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This paper reviews and analyzes M. Juergensmeyer's seminal article about religious extremism and its relationship to terror in the article "Terror in the Mind of God." First, the paper notes the prescience of the author in writing this work because it was published a year before the 9/11 attacks. Then the review examines how the article cites a recent history of incidences suggesting that the inclination toward acts of terrorism is correlated not to any specific faith but to the practice of faith in general. Next, the paper discusses terrorism in the Muslim world. Finally, the paper addresses the nature of conflict as it has been perpetuated between established and hegemonic states and those 'fringe' groups who practice a violent mode of religious extremism. The review concludes by stating that according to juergensmeyer's article, religion is often a path to misdirection, obscuring compromise and resolution.
From the Paper:"This internal contradiction tends to be one of the defining features of terrorism, and certainly one which draws our attention to the recent emphasis on acts of religious extremism in the Muslim world. The confrontation on various fronts between Western capitalism and Arab tribalism is increasingly pushing to the surface the hostilities of those groups who, though driven by economic, political and cultural imperatives, will tend to coalesce around the justifications provided by religious precepts. And as noted here above, there is an inherent politicization in the term terrorism which also tends to draw connections to religion. As Juergensmeyer points out, it is hardly reasonable to suggest that state-sponsored acts of violence or sanctioned military invasions are in any way morally superior or less terrifying to their targets than are acts of guerilla terror. Instead, among the distinguishing features between these two brands of carnage is the explicit reference to religious entitlement or necessity where the specific act of violence is concerned.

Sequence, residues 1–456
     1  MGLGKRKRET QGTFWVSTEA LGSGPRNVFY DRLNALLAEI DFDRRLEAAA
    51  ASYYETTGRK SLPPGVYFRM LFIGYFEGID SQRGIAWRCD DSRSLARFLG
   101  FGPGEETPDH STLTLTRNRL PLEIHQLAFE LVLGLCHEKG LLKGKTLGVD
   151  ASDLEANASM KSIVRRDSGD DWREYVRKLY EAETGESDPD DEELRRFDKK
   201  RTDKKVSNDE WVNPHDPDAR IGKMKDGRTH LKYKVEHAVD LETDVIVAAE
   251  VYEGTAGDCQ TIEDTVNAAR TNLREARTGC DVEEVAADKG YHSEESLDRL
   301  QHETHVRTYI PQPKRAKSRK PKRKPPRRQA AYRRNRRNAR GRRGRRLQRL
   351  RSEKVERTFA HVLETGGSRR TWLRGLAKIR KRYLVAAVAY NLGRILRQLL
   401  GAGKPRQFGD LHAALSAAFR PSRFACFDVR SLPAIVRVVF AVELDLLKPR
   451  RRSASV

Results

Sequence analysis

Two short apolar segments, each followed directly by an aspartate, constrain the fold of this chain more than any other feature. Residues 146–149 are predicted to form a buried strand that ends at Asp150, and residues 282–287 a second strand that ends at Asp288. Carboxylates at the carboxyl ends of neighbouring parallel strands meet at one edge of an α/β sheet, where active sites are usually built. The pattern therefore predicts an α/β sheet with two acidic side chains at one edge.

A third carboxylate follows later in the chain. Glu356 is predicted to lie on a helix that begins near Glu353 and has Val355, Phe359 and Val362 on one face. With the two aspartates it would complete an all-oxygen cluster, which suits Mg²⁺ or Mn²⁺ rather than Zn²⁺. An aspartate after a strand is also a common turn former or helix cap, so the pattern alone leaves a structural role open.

"This issue of politicization and terminology is not a mere semantic note though. There is yet a great deal of relevance in this subject to understanding the nature of conflict as it has been perpetuated between established and hegemonic states and those 'fringe' groups who practice a violent mode of religious extremism. "
Sample of Sources Used:
- Juergensmeyer, M. (2000). Terror in the Mind of God. Berkeley: University of California Press.
Cite this Article Review:
Religious Extremism and the Politicization of Terror (2012, October 19) Retrieved October 23, 2019, from https://www.academon.com/article-review/religious-extremism-and-the-politicization-of-terror-151879/
"Religious Extremism and the Politicization of Terror" 19 October 2012. Web. 23 October. 2019. <https://www.academon.com/article-review/religious-extremism-and-the-politicization-of-terror-151879/>